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Political Storm Continues Over Iran Homegrown Covid Vaccines

Barakat Foundation was paid $1 billion by the government before it produced or delivered any of Iran’s first home-grown vaccine, CovIran Barakat, former reformist member of parliament Ali Tajernia told Shargh newspaper in an interview published Tuesday.

Tajernia said the payment was calculated at 2 million rials per dose of a projected 120 million doses. In a tweet in response,  Hojat Niki-Maleki, head of public relations at Shifa Pharmed, a Barakat subsidiary, called Tajernia's allegations of advance payment "absolutely false."

The controversy over Barakat’s vaccine development goes beyond the alleged pre-payment. Officials of the company and President Ebrahim Raisi’s vice president Mohammad Mokhber, who until recently was in charge of business affairs at Supreme Leader Ali Khamenei’s office, had repeatedly promised to deliver ten of millions of doses by the end of August.

As of Tuesday, according to the health ministry, the CovIran-Barakat vaccine accounted for 3.8 million of the 37.8 million doses administered of mostly the Chinese Sinopharm. Iran has fully vaccinated around 12.5 million people, around 14 percent of the population, according to figures released by the health ministry Tuesday.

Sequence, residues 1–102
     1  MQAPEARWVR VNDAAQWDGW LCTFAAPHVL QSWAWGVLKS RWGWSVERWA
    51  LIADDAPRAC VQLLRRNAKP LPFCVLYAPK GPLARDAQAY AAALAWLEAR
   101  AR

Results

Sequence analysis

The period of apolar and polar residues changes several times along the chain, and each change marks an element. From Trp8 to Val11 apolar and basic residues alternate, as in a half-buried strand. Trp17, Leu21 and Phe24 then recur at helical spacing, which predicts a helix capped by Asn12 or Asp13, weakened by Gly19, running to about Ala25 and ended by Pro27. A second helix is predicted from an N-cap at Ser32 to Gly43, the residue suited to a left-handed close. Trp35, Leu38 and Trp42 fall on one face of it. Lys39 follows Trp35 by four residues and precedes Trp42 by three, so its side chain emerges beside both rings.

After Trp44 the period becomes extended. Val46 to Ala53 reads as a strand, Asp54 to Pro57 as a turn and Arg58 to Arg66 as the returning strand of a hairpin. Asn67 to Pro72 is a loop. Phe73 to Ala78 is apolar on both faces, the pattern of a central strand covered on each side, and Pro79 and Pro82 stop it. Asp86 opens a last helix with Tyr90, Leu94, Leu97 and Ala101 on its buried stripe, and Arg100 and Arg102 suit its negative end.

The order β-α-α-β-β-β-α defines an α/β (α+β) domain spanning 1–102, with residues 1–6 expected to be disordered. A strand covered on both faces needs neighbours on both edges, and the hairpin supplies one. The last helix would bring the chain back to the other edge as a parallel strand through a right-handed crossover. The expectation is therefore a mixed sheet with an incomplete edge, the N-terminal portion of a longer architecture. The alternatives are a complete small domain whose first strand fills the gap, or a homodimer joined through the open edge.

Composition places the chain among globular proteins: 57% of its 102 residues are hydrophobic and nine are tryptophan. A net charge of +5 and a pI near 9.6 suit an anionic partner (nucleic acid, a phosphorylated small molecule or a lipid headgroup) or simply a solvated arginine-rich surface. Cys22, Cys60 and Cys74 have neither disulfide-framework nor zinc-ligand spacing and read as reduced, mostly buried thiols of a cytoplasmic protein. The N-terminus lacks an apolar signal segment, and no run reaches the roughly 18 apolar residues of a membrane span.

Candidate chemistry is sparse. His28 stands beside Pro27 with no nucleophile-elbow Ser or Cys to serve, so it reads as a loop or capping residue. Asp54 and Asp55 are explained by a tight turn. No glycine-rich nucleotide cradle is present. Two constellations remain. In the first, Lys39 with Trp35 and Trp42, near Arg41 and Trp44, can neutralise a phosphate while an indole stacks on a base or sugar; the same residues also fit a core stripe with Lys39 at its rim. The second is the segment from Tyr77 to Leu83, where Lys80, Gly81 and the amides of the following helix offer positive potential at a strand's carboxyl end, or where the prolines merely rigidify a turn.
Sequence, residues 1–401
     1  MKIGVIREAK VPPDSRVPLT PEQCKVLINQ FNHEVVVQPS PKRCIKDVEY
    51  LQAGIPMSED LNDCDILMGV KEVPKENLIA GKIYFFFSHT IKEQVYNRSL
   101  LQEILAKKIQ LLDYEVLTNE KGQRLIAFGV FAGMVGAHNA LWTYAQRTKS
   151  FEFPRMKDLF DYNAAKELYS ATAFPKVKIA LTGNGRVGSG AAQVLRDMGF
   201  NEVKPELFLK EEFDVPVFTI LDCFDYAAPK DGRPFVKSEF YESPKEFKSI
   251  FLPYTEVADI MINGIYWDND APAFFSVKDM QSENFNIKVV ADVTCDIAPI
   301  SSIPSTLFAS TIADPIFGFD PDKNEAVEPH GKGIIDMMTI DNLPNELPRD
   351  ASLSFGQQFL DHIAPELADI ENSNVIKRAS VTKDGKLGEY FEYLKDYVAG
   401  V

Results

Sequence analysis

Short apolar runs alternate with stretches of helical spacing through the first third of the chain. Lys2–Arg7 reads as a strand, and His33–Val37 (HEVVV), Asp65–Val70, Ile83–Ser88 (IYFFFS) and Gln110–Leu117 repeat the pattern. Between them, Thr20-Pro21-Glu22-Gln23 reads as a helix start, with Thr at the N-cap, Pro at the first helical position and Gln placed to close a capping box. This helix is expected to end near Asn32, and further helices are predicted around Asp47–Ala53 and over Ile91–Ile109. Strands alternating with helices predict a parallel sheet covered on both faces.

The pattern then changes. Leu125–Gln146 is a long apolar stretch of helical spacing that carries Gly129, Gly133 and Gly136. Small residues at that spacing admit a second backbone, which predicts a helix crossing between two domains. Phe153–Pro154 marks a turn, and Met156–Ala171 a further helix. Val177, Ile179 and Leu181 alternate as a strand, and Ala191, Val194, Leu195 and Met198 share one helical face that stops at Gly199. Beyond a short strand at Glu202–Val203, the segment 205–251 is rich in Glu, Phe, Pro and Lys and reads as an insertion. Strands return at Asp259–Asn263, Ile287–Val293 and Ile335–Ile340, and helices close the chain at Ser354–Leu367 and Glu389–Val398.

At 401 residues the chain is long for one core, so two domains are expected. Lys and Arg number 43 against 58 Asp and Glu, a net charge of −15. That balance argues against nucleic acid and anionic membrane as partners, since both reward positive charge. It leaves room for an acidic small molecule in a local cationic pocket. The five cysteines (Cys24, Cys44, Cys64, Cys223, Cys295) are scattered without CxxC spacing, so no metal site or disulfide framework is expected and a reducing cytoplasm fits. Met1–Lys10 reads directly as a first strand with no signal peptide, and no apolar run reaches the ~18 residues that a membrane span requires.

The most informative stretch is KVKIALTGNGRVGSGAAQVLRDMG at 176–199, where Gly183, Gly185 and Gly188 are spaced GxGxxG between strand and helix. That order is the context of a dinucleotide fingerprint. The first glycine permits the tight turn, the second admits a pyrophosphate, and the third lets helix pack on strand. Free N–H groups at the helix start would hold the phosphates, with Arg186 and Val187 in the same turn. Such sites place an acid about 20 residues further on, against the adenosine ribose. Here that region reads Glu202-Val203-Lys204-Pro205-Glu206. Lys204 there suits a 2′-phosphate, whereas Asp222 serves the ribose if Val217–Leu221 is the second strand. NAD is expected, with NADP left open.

John Hopkins University gives a figure of 15 percent “fully vaccinated,” compared to 49 percent in Turkey, 5 percent in Iraq and 5 percent in Egypt – countries with roughly comparable populations. Saudi Arabia has fully vaccinated more than 50 percent.

The speeding up of vaccinations since the government of Ebrahim Raisi (Reesi) took office August 25 – with Covid vaccine imports jumping 40 percent in three weeks – has sparked a factional row as to who should take the credit.

Some have alleged that vaccine imports were earlier delayed in favor of Iranian vaccines including Barakat, the only Iranian-made one approved for emergency use so far. In an August radio interview Hossein-Ali Shahriari, the principlist chairman of parliament’s health committee, admitted that waiting for homegrown vaccines had slowed down imports and so vaccinations.

Tajernia told Shargh that former health minister Saeed Namaki had delayed imports despite the Rouhani government following a two-pronged strategy, developing the vaccine while trying to import as many as possible.

Tajernia said Namaki had opposed importing foreign vaccines and actively promoted CovIran Barakat, despite Razi Institute, the oldest vaccine producer in the Middle East with a 100-year history, being "way ahead” of Barakat Foundation in its research.

Barakat Foundation is a charitable body and business group that is an affiliate of the Execution of Imam Khomeini’s Order Foundation, a charitable-cum-business state entity answerable to the Supreme Leader Ali Khamenei.

Khamenei in June was reported to have received the CovIran Barakat vaccine. The leader said he had waited for an Iranian-made vaccine despite being advised to several months to take the first available.

A British-Iranian journalist, political analyst and former correspondent of The National and journalist at Iran International
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